A little more information for the statistical gurus (mere mortals can skip to the next paragraph): FFBS takes the estimated means (i.e. the estimated support for a candidate is on any given day) and covariances (i.e how much the support for each candidate is moving around on its own and as a function of other races) from the Kalman filter and then re-estimates the support on a given day T based on what happened on day T+1 (for those interested we’re just sampling from a multivariate normal with mean and covariance estimated by the Kalman filter). In order to refine the estimates, the forward filtering part runs the Kalman filter forward from Day 1 to election day, and the backward sampling part runs multivariate normal sampling backwards from election day to Day 1. This process not only smooths our results, but can also be iterated multiple times to get many “simulations” of what happens between Day 1 and election day. The means of these simulations are used for our estimates of support, and the multiple simulations can be used to estimate the probability that a candidate will win a race.
Here’s an illustration of the way the FFBS process extends the trend lines in Nevada. In this case, both the Angle and Reid lines move upward over the last two weeks of the campaign (the last poll was completed on October 17), but the margin between them stays roughtly the same. That trend is more than plausible — the small number of undecideds is shrinking as voters make up their minds.
As implied by the bands of light red and light blue (“confidence intervals”) drawn around each line, these trend lines can be used to generate probabilities that he leader is actually ahead at any point of the line, including Election Day. For the most competitive races, where polling has been frequent and the most recent polls are only a few days old, the model predicts an Election Day margin that is virtually identical to the last-day-of-the-last-poll trend estimate.
However, in the contests where leads have been bigger and polls less frequent, the time lapse between the last poll and Election Day is longer, and the forward-filtering can alter the leader’s projected margin to a greater degree. Because we know that Kalman-Filtering has its limitations, like any other statistical technique (some of which are described in Green, Gerber and De Beoff, 1999)), we opted not to place complete trust in the Election Day estimate. Instead, the “win probabilities” are really more accurately described as a cross between lead and win probabilities. They represent an average of the probabilities that the current leader is ahead at (1) the end date of the last poll and (2) Election Day. We believe this approach better serves our goal of helping readers put the current polling trend estimates in better perspective.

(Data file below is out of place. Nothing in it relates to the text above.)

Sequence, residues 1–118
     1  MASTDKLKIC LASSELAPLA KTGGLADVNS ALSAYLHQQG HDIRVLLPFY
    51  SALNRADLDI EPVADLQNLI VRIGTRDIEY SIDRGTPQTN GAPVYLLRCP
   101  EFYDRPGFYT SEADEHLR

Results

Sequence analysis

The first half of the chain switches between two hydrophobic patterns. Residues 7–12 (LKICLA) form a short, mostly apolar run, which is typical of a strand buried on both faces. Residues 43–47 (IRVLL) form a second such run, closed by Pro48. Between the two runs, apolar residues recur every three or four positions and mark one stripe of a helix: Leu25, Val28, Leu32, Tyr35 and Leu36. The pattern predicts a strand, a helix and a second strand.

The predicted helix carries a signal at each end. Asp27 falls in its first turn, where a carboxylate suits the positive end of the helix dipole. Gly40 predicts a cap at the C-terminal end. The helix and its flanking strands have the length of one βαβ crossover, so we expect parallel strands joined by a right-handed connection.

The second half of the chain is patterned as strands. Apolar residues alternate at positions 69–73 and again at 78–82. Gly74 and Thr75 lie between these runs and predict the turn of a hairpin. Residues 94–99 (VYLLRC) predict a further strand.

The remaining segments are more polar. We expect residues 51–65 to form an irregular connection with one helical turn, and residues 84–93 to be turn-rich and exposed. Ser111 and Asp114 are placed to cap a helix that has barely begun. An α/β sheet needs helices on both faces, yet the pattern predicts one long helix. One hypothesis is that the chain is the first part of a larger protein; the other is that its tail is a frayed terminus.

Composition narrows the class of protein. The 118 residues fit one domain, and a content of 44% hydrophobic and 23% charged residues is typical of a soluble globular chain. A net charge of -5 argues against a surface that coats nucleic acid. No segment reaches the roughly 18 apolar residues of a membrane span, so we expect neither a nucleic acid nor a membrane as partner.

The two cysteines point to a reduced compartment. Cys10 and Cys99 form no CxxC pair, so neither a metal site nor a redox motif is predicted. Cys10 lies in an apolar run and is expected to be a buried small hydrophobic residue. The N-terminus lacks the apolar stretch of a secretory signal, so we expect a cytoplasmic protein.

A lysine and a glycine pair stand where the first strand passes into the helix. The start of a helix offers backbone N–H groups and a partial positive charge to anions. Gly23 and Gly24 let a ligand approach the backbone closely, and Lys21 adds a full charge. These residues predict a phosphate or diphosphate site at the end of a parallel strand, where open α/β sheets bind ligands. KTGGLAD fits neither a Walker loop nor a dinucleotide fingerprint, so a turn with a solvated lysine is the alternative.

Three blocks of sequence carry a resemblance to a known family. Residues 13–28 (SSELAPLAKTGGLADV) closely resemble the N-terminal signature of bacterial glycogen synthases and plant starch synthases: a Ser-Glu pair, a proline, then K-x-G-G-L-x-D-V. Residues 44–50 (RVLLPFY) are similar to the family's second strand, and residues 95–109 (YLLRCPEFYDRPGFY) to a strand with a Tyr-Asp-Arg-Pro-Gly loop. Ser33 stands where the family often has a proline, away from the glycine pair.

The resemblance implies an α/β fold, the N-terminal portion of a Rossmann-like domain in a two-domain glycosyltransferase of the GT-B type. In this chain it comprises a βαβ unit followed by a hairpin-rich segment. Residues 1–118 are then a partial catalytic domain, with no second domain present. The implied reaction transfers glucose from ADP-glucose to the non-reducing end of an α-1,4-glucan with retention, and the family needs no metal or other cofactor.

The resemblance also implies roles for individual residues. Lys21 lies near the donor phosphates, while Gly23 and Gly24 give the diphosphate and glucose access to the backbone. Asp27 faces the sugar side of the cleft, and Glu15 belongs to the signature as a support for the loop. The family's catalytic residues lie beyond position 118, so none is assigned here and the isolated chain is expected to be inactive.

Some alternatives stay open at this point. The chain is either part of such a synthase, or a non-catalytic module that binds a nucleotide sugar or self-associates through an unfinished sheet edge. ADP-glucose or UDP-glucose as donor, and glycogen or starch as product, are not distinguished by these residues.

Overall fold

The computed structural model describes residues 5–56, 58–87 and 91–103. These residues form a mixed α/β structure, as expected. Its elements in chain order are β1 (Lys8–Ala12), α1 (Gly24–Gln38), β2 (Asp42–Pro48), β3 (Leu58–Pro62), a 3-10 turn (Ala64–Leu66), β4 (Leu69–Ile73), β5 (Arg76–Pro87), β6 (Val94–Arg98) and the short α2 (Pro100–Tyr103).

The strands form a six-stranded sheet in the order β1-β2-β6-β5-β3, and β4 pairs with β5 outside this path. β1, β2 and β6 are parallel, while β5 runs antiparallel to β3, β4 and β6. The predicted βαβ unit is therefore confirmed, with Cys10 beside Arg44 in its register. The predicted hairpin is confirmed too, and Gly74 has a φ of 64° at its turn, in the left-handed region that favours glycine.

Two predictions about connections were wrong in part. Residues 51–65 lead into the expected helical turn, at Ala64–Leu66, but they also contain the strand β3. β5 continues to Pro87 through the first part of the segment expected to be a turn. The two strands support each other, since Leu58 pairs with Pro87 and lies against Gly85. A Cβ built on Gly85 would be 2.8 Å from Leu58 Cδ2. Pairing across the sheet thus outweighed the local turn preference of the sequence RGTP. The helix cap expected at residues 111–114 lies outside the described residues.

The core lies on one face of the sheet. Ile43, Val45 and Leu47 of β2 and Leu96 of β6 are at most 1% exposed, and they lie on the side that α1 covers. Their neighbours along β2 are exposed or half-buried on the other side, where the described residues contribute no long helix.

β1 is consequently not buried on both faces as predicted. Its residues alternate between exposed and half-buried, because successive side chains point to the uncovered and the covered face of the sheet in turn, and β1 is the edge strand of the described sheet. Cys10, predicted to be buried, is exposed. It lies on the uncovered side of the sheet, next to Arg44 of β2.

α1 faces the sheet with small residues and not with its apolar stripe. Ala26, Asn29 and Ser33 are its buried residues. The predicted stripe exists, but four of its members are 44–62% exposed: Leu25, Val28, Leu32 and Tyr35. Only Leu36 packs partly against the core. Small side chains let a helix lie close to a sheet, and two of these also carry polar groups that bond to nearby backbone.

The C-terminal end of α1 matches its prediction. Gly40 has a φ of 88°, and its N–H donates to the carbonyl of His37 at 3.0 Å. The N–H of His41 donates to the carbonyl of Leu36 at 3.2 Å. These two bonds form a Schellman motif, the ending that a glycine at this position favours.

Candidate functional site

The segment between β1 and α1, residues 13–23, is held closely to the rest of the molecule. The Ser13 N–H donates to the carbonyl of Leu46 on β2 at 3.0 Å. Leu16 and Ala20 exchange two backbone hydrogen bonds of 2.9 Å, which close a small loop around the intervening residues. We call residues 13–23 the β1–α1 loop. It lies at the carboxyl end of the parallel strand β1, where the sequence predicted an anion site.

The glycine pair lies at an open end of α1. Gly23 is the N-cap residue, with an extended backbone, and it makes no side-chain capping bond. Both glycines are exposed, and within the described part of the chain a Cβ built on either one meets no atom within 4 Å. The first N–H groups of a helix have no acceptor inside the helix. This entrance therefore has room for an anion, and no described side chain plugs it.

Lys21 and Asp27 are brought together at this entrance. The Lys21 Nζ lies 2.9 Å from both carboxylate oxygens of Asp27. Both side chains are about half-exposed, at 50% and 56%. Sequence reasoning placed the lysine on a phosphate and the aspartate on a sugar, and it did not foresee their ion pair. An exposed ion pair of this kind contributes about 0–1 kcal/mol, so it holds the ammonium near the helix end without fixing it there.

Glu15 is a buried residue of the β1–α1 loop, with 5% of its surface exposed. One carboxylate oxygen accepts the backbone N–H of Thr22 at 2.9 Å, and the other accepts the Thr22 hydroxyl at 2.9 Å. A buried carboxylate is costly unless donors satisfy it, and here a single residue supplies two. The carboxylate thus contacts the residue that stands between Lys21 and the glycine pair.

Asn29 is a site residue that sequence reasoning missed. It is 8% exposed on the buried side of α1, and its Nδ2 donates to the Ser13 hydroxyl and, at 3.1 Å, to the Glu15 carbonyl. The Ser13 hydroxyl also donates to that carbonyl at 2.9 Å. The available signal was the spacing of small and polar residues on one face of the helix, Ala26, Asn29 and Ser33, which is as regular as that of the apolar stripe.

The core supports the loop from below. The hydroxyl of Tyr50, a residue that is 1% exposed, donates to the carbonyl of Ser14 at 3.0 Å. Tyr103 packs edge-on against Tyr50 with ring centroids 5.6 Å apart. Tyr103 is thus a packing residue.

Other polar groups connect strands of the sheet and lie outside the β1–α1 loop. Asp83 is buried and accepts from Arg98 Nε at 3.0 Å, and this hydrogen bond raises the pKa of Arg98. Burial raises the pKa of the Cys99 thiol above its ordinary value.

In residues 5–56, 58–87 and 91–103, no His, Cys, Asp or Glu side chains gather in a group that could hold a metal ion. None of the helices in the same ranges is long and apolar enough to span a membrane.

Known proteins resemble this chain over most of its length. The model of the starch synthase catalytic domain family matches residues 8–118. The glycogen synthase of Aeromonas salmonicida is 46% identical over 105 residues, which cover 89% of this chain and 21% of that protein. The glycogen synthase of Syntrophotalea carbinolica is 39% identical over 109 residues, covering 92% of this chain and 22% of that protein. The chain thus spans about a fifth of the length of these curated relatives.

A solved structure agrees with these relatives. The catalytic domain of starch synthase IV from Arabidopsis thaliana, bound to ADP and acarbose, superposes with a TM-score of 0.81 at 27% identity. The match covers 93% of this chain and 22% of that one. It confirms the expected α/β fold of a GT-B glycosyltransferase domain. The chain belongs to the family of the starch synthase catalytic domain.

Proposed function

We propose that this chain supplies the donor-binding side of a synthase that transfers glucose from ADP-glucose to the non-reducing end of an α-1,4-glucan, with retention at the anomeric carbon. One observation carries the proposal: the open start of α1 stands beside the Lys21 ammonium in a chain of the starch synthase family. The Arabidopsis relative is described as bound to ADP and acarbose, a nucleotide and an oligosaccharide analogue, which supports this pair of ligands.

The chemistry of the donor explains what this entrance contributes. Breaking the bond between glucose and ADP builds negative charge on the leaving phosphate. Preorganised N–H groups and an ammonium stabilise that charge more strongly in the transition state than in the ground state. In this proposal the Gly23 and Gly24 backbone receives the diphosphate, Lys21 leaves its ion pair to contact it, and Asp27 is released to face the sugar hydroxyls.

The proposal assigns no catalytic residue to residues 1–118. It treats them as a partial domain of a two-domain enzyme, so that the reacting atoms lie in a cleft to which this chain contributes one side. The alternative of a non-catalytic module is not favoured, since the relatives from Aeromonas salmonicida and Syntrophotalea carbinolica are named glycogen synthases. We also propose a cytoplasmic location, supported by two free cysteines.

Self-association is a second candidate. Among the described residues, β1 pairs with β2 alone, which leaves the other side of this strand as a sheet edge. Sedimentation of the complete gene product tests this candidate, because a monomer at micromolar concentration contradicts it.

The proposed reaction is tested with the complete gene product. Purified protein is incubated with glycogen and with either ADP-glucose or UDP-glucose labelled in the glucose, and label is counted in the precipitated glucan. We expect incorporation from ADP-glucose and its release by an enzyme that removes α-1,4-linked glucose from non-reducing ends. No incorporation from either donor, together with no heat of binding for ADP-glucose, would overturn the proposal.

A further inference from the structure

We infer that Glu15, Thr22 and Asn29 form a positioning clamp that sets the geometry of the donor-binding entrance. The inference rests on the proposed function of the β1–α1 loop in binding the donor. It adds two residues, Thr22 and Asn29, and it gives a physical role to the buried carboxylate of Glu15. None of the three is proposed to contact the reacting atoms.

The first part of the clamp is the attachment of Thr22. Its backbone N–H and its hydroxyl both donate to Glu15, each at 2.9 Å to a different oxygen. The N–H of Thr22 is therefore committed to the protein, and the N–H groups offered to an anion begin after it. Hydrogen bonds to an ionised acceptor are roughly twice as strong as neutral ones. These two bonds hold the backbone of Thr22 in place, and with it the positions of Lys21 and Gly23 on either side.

The final step in our procedure is to weight back the portion of the probability over 50% so that no probability exceeds 95%. That is a fairly unorthodox, ad hoc step that deserves more explanation.
The basic issue is that since our model can effectively pool data across multiple surveys, relatively small leads translate into highly probable outcomes. We found that leads of 7 or more percentage points usually translate into win probabilities of 98% or better, and leads of 8 or more almost always produce 100% certainty about the winner. So long as statewide and Congressional district polling numbers remain unbiased (in the statistical sense), as they have been for at least the last decade, such probabilities are probably about right. Nate Silver, who examined this issue in exhaustive detail recently, finds that no regular, general election Senate candidate “with a lead of more than 5.5 points in the polling average, with 30 days to go in the race, has lost since 1998: these candidates are 68-0. “